Jamie Brown’s Grand River meets The Bridge for WW2 play adaptation[addthis tool="addthis_inline_share_toolbox_p9bf"]
Talent packager and financier Grand River Productions has partnered up with Amanda Groom’s The Bridge on a TV adaptation of Bob Baldwin and Max Kinnings’ stage play Wireless Operator.
The play, which was inspired by the wartime experiences and subsequent un-diagnosed PTSD of Baldwin’s father, was part of last year’s Edinburgh Fringe Festival.
Baldwin directed the stage version and is also attached to direct the TV adaptation, with Jamie Brown’s Grand River producing in association with financier Amanda Groom of The Bridge. Rob Cowie (The Blair Witch Project) will also work on the feature.
The play provides “a powerful and personal look” at the experiences of the UK’s Bomber Command during World War Two, whose role in attacks on civilians made their service in the war a shameful secret.
The story tracks a wireless operator’s experiences in battle in a viscerally recreated, claustrophobic Lancaster Bomber. Filmed with a skeleton crew and four-person cast, the shoot is completely contained and possible to execute in a Covid-safe manner, the producers said.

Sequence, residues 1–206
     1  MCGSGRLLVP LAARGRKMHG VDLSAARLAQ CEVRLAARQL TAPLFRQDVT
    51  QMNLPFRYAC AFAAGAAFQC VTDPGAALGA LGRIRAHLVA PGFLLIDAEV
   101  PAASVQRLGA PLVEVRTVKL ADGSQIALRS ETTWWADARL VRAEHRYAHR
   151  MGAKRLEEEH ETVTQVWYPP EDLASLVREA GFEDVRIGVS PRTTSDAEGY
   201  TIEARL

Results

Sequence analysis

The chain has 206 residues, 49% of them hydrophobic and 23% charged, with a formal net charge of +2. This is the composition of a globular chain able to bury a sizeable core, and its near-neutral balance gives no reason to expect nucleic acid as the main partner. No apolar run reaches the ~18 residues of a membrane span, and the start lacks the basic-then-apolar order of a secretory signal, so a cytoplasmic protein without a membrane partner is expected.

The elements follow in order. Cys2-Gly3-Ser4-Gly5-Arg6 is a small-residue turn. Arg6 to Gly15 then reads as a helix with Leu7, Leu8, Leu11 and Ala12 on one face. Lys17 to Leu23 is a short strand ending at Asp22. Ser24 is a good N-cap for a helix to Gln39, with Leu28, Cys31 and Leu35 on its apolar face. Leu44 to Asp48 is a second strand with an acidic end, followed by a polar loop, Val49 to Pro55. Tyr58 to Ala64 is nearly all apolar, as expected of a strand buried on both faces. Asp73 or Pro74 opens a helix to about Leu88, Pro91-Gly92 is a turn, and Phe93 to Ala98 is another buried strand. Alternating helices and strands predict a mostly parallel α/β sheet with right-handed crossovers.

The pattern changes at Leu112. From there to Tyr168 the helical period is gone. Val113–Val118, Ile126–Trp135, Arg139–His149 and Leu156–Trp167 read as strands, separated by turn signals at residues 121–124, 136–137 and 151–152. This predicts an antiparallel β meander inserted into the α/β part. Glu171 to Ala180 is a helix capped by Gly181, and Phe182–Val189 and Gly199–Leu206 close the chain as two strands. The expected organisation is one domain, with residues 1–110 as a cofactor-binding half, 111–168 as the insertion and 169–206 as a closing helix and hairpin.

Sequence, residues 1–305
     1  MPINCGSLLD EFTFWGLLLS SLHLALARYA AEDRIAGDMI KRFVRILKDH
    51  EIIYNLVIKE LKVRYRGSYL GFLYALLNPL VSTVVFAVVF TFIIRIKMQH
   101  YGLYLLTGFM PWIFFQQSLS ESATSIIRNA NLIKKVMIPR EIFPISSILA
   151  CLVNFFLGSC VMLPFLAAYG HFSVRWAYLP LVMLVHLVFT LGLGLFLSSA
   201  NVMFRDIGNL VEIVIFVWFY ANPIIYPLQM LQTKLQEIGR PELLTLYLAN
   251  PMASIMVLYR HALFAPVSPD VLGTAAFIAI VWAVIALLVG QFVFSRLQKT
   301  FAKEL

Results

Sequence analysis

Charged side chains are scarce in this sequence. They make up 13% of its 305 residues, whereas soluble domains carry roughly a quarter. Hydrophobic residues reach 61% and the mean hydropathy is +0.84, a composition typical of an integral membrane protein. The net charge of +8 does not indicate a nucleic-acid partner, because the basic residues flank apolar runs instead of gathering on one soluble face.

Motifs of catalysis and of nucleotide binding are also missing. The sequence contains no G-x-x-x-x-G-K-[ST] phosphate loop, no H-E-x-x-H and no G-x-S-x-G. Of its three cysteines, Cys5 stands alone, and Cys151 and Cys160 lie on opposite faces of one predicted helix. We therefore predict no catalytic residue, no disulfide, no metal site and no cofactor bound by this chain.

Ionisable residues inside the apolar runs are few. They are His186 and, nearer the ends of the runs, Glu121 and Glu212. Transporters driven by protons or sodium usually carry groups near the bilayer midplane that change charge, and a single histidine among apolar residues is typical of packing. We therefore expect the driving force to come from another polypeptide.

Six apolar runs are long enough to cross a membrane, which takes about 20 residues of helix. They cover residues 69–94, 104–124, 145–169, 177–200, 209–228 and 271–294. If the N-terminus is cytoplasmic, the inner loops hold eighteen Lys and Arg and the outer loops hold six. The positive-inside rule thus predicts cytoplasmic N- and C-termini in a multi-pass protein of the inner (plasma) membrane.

Brown said: “In developing this project we have worked closely with Bob Baldwin and Max Kinnings. I have been struck by their immense talent and flexibility in all of their work with us, and the way they work so positively and respectfully. Bob has a very keen sense of design and editing, and I know that he will make this a powerful production.”
Baldwin added: “This film is a portrait of an honourable young man who in good faith participated in acts that history has judged truly appalling.
“The story was inspired by my own father’s writing, which revealed how psychologically complex his war had been and the extent of the trauma he and his crew mates had endured. They didn’t talk about it; they didn’t get campaign medals, and their contribution to the allied victory became a national embarrassment consigned to the back pages of history by a society unsure of its moral culpability. Wireless Operator is a long overdue re-examination of their experiences.”